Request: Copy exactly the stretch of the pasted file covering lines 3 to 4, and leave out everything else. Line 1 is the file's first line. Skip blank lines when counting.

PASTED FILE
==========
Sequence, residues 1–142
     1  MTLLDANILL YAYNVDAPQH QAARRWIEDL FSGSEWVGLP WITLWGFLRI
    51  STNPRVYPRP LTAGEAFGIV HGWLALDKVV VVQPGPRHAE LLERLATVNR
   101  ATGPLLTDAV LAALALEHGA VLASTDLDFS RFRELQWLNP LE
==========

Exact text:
    51  STNPRVYPRP LTAGEAFGIV HGWLALDKVV VVQPGPRHAE LLERLATVNR
   101  ATGPLLTDAV LAALALEHGA VLASTDLDFS RFRELQWLNP LE